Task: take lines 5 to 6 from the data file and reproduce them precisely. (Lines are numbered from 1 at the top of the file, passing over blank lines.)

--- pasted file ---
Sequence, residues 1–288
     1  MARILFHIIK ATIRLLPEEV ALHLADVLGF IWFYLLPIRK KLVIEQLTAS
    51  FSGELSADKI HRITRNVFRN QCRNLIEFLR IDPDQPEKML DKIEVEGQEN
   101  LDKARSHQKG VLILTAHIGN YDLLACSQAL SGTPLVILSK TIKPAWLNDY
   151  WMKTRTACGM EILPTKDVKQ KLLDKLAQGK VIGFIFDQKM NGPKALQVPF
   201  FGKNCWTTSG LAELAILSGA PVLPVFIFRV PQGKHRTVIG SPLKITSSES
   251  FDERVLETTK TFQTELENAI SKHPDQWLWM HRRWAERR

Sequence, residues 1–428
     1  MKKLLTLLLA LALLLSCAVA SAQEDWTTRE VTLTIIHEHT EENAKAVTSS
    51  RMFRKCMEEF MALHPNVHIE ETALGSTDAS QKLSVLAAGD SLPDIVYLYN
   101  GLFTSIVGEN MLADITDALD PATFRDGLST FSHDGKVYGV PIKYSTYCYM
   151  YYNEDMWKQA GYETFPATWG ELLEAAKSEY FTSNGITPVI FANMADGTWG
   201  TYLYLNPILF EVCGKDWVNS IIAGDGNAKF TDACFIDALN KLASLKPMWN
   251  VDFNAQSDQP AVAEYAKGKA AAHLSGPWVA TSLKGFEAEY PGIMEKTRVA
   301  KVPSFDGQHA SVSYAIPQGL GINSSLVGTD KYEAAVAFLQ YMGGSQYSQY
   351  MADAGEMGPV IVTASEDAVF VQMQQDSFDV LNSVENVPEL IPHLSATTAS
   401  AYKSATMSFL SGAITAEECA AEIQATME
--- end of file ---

   151  WMKTRTACGM EILPTKDVKQ KLLDKLAQGK VIGFIFDQKM NGPKALQVPF
   201  FGKNCWTTSG LAELAILSGA PVLPVFIFRV PQGKHRTVIG SPLKITSSES